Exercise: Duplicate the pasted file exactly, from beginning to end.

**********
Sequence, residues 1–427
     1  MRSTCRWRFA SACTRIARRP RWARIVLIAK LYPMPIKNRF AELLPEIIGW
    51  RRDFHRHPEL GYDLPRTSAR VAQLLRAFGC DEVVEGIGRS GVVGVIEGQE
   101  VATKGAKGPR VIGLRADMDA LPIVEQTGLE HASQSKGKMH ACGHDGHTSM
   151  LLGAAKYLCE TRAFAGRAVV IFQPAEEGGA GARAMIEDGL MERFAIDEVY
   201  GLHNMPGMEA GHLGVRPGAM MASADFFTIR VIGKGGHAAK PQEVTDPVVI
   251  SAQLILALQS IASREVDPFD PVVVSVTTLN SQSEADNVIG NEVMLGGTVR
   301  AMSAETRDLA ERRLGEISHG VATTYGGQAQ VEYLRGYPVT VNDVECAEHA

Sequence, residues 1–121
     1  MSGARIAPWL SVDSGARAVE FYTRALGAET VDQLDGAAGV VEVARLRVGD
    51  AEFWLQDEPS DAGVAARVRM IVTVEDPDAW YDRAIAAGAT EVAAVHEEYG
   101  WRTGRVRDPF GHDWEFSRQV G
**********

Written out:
Sequence, residues 1–427
     1  MRSTCRWRFA SACTRIARRP RWARIVLIAK LYPMPIKNRF AELLPEIIGW
    51  RRDFHRHPEL GYDLPRTSAR VAQLLRAFGC DEVVEGIGRS GVVGVIEGQE
   101  VATKGAKGPR VIGLRADMDA LPIVEQTGLE HASQSKGKMH ACGHDGHTSM
   151  LLGAAKYLCE TRAFAGRAVV IFQPAEEGGA GARAMIEDGL MERFAIDEVY
   201  GLHNMPGMEA GHLGVRPGAM MASADFFTIR VIGKGGHAAK PQEVTDPVVI
   251  SAQLILALQS IASREVDPFD PVVVSVTTLN SQSEADNVIG NEVMLGGTVR
   301  AMSAETRDLA ERRLGEISHG VATTYGGQAQ VEYLRGYPVT VNDVECAEHA

Sequence, residues 1–121
     1  MSGARIAPWL SVDSGARAVE FYTRALGAET VDQLDGAAGV VEVARLRVGD
    51  AEFWLQDEPS DAGVAARVRM IVTVEDPDAW YDRAIAAGAT EVAAVHEEYG
   101  WRTGRVRDPF GHDWEFSRQV G